Mathematician’s Answer: The nature of the Eldraeic language, being designed as it was by mathematicians as well as logicians, philosophers, and linguists, positively encourages these. (So does the cultural attitude in favor of precision and in disfavor of the sloppy speaker and the plain intellectually inadequate.)
In fact, if asked a literally-translated “Is it A or B?” question, the only possible grammatical answers are “Yes” or “No”. If you really want to ask a question of that form – say, “Would you like tea or coffee?”, the way you say it in Eldraeic is “You would like tea how-related-to coffee?”, to which the answer is “neither…nor” (if you want nothing), “but not” (for tea), “not…but” (for coffee) or “and” (for both), any of which options can be expressed in a single conjunction.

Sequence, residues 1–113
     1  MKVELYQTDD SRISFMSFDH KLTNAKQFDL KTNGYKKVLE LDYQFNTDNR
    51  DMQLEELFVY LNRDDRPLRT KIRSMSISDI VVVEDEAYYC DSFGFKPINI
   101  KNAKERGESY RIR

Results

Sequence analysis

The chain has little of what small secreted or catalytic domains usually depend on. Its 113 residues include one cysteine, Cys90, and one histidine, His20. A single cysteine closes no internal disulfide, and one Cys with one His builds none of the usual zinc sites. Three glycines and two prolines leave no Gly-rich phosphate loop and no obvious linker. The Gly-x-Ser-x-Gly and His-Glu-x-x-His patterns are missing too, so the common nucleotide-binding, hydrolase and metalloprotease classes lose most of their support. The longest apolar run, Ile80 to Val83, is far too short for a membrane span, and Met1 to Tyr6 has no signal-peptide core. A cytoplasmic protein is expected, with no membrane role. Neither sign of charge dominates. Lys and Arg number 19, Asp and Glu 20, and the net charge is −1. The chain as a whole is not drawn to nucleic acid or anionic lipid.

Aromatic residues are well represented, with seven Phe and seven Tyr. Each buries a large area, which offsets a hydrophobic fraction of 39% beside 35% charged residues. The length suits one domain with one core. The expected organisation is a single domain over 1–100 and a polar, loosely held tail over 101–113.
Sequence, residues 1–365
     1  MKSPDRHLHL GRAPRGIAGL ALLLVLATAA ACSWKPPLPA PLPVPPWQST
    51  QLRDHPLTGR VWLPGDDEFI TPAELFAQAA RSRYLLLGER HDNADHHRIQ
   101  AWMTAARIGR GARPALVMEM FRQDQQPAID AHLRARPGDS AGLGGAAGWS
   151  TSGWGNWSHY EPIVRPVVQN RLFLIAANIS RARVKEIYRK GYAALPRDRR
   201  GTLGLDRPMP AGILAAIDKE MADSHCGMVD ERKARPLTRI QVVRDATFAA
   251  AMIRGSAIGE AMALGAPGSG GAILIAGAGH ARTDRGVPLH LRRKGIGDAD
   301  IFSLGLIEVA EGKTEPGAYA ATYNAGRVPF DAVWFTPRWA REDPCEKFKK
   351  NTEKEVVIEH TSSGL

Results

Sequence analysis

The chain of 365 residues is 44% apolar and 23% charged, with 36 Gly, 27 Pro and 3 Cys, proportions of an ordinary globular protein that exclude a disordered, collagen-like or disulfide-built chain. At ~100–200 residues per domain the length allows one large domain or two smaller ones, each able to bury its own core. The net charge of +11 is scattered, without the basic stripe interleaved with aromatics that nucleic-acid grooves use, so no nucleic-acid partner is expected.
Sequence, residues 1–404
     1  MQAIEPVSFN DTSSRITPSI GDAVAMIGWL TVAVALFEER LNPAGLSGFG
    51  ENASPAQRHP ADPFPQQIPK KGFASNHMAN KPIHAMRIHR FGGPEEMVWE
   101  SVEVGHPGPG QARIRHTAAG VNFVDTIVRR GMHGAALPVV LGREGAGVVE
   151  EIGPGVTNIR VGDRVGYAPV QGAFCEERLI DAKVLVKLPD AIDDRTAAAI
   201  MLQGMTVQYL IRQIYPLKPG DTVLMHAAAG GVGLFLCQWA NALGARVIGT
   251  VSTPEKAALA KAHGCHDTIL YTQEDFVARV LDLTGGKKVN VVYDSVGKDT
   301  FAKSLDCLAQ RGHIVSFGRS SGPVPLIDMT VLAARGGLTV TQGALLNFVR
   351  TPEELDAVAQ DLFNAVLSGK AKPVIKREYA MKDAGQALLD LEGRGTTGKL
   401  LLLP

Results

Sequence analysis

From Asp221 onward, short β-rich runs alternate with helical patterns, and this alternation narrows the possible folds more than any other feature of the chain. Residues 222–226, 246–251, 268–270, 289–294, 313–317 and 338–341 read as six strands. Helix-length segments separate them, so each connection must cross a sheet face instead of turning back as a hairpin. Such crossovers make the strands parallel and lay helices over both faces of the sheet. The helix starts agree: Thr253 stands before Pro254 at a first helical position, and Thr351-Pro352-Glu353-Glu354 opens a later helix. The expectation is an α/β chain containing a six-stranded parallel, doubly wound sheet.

(For a real-world example of this unusual grammatical form, this is also how Lojban does it.)
Observers of the modern Conclave on Linguistics and Ontology are unsure whether they’re saddened or delighted by how much this and other quirks of the language annoy and frustrate less precision-devoted non-native speakers, but they definitely aren’t planning on changing them any time soon…
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